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Exploring Quantum Magnetic Fluctuations in Low Dimensional Correlated Electron Systems
Speaker Dr. William J Gannon, Texas A&M University
Date 22 January 2018 (Monday)
Time 11:00 to 12:30
Venue Room 4503 (Lifts 25-26), HKUST

Quantum magnetic fluctuations are one of the key concepts in modern condensed matter physics, and is a thread that ties together a vast array of topics, from the coherence of unconventional superconductivity to the entangled disorder of quantum spin liquids to name just two examples.  In this talk, I will discuss why it is essential to understand quantum magnetic fluctuations in materials that host them and how we can use inelastic neutron scattering to probe these important phenomena.  As a specific example, I will discuss how quantum magnetism is manifested in the correlated electron metal Yb2Pt2Pb and the observation of fractionalized one-dimensional spin excitations, quasiparticle confinement, and longitudinally polarized quantum modes.  Finally, I will discuss how these measurements can point to new and interesting research directions.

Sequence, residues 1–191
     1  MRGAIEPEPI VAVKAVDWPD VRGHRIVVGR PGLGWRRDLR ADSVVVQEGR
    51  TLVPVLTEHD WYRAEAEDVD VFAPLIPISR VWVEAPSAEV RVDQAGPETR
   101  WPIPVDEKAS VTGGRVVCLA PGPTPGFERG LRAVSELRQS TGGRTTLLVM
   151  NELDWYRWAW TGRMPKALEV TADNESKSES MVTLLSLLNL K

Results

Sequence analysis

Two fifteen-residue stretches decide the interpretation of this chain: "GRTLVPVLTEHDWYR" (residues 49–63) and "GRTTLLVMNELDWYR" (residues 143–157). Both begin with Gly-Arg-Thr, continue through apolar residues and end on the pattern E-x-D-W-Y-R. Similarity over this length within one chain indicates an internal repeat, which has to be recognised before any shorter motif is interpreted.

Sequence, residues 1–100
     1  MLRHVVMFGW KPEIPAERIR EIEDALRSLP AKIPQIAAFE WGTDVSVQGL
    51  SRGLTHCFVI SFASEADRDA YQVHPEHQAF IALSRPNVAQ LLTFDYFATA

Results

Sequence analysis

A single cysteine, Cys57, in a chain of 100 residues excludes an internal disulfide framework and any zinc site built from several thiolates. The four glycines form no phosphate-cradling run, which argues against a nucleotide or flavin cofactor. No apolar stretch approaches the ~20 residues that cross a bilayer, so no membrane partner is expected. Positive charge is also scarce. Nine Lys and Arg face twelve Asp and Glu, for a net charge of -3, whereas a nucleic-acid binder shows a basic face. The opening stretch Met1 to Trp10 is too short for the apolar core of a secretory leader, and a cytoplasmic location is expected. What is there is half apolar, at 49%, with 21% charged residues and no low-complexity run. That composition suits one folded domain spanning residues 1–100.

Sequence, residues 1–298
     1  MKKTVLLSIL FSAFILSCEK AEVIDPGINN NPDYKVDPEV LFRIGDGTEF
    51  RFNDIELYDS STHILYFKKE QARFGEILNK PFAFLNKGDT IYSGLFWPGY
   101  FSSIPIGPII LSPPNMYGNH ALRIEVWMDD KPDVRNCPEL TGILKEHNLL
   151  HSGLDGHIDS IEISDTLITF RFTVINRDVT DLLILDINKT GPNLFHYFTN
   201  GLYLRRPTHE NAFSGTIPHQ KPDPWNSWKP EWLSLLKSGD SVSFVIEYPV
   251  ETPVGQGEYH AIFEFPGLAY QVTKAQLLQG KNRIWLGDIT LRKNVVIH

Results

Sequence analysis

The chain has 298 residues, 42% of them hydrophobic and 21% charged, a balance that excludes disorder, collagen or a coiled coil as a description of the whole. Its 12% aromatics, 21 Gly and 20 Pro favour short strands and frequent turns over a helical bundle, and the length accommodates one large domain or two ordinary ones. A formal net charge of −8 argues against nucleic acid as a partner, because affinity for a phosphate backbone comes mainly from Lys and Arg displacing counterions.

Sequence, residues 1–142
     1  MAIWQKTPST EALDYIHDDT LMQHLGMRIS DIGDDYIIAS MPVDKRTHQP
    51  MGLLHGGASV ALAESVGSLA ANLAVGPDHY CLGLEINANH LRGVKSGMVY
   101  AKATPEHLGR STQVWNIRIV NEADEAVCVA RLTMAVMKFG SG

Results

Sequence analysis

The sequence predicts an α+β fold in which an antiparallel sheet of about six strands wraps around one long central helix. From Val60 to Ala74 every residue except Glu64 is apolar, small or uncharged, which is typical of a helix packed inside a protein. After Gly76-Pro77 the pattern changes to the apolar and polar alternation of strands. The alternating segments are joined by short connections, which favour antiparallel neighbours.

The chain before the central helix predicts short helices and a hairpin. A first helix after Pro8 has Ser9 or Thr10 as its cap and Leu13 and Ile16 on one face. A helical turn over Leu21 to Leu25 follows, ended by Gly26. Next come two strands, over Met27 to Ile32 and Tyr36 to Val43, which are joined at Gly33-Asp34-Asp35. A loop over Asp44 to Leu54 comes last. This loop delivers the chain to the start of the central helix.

Dr. William J Gannon is originally from Alexandria, Virginia near Washington DC in the United States.  He has a Bachelor of Science degree from the University of Michigan in Physics, awarded in 2005 and a PhD in Physics from Northwestern University, awarded in 2013.  His adviser was Professor Bill Halperin and his thesis focused on crystal growth and neutron scattering experiments with the triplet superconductor UPt3.  Since then, he has been a postdoc with Professor Meigan Aronson, first at Stony Brook University and Brookhaven National Lab and now at Texas A&M University.  His research interests include neutron scattering, low dimensional magnetism, correlated electron physics, and crystal growth of novel magnetic materials.